New images from NASA's Lunar Reconnaissance Orbiter (LRO) spacecraft show the moon's crust is being stretched, forming minute valleys in a few small areas on the lunar surface. Scientists propose this geologic activity occurred less than 50 million years ago, which is considered recent compared to the moon's age of more than 4.5 billion years.
In new LROC images, the team discovered small, narrow graben typically only hundreds to a few thousand meters (yards) long and tens to hundreds of meters wide, indicating the lunar crust is pulling apart at these locations. Graben are formed when the crust is stretched, breaks and drops down along two bounding faults, creating a trough or valley. The team proposes that the geologic activity that created the graben occurred less than 50 million years ago (very recent compared to the moon’s current age of more than 4.5 billion years).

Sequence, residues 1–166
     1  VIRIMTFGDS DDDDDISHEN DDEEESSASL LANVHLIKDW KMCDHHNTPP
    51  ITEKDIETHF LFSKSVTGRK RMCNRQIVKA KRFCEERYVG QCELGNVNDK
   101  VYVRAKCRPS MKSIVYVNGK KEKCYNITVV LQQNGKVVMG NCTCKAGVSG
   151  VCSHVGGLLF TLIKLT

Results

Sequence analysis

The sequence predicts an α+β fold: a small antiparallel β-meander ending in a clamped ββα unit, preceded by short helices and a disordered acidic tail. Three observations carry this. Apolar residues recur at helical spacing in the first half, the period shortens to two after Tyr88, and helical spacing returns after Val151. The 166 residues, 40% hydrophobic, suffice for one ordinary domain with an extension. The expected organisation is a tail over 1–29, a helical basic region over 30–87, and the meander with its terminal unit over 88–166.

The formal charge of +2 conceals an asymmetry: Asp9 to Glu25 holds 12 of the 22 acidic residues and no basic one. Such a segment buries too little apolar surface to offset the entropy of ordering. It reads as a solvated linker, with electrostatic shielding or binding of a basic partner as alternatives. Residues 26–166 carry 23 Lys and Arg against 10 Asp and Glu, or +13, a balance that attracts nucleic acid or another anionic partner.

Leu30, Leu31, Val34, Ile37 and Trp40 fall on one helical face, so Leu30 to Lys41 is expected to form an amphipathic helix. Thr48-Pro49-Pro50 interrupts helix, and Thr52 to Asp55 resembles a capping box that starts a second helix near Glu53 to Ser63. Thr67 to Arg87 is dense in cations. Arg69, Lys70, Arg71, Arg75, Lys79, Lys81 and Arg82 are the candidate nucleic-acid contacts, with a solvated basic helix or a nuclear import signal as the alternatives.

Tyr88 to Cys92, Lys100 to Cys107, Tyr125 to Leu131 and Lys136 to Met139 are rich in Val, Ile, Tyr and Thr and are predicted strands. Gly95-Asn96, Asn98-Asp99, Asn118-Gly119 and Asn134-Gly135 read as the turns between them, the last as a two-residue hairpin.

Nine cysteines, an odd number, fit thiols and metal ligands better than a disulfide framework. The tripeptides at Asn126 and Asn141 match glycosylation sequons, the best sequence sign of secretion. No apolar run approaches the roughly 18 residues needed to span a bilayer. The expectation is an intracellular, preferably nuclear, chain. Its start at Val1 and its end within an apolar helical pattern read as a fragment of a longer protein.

Newly detected series of narrow linear troughs are known as graben, and they formed in highland materials on the lunar farside. Forces acting to pull the lunar crust apart formed the Virtanen graben, informally named for a nearby impact crater. These graben are located on a topographic rise with several hundred meters of relief revealed in topography derived from Lunar Reconnaissance Orbiter Camera (LROC) Narrow Angle Camera (NAC) stereo images (blues are lower elevations and reds are higher elevations). The rise is flanked by the rim of a ~2.5 km diameter degraded crater.
Graben are troughs formed when the lunar crust was stretched and pulled apart. This stretching causes the near-surface materials to break along two parallel normal faults, the terrain in between the twin faults drops down forming a valley.